Photo retouching Tips: fixing over exposed photos.27 June 2013
Welcome to In Focus Photo Retouching Tips. A digital photo retouching tutorial that I will be blogging about to help improve your photos, for you to become less dependent on me: “the photo retoucher” for all your photo editing.
The first in the series of tips is: a very simple way to correct over exposed photos using Photoshop. Take for example this studio photo: which was intentionally over exposed for this tutorial:
For this tutorial, you will need to be able to access the layers and channels tabs. By default they are normally grouped on the bottom right side of the window, if you cannot see the channels and layers tab, go to the top of the page and click the “window” button, the dropdown will appear, find and click with your mouse: “layers” and “channels”, once ticked (active) they will appear in the interface. Now you are ready to proceed.
To correct the exposure, all you do is open the photo in Photoshop, and click on the channels tab. Hold down the control key (command in mac) on your keyboard,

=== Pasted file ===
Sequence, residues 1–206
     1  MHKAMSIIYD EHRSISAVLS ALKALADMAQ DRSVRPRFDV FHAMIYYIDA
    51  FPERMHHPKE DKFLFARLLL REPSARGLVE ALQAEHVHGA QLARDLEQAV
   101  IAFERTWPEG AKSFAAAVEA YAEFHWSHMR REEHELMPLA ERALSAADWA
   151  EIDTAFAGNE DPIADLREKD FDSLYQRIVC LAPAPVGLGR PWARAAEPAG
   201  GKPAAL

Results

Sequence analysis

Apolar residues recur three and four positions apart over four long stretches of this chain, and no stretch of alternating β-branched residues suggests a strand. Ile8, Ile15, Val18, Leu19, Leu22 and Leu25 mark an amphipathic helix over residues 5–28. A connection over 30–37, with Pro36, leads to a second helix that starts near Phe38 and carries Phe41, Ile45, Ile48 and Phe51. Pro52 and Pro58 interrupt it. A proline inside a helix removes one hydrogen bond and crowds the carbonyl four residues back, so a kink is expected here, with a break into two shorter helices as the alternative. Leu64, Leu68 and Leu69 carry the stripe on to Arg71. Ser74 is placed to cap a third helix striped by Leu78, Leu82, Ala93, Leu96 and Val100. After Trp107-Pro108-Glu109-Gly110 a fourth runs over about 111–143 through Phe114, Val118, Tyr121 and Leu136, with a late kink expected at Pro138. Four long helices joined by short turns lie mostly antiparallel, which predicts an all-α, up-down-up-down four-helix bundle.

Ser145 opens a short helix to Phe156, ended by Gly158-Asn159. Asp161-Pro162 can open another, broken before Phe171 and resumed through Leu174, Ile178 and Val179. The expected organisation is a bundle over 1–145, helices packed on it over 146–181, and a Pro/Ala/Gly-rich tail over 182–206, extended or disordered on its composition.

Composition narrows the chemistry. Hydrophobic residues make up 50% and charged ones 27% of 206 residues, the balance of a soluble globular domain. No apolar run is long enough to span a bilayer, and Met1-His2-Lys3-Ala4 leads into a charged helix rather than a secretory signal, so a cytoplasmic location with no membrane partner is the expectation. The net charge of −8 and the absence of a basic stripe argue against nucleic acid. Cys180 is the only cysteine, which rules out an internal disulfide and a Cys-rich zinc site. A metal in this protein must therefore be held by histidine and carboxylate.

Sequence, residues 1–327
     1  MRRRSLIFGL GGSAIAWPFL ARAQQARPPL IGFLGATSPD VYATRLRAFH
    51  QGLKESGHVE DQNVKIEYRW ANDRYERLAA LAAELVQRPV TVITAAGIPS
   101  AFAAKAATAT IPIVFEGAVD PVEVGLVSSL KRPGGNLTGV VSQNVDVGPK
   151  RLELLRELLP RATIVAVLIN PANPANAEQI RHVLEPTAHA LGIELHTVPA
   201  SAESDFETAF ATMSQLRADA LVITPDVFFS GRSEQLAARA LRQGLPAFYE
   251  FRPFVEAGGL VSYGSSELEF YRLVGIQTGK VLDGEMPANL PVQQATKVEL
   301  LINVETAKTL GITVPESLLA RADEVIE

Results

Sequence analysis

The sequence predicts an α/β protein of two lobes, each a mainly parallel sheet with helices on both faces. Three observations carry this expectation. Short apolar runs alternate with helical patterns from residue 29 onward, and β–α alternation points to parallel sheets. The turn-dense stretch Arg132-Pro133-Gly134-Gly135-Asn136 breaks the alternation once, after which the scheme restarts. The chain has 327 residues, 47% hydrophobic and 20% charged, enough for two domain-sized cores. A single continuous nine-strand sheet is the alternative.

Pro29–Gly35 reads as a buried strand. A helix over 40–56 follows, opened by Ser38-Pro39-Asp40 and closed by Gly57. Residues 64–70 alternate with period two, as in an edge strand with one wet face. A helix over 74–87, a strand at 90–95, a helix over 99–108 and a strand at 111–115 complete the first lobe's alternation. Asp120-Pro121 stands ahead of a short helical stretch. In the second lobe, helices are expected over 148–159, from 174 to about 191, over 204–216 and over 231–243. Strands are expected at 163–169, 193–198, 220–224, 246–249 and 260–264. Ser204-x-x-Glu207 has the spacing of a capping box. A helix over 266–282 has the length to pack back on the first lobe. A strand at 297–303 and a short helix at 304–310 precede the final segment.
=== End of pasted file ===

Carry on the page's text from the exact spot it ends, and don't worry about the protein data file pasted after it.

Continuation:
and then hover over the RGB window (the miniature image of your photo) with the cursor and click your mouse. You should see a set of marching ants appear in the main photo, as if you have been clicking the image with your magic wand tool. Once you see the marching ants, click on the layers tab to open it, and with the layers tab open, hold down control/command and press “J” on your keyboard.
You will see a new layer appear above the background layer. At this point you will not see any difference to the photo. The final thing you need to do is change the layer blending mode from “normal” (which is the default layer property), to “multiply” (see above image) by using the dropdown. The highlights will be less over exposed. If they still need to be adjusted further, all you do is duplicate the layer (layer 1) until your photo has a more balanced exposure.
There you have it, a simple way to retouch your own photos to correct an overexposed image. Please note, the example photos used, were not retouched at all, the only thing that was adjusted was the highlight exposure.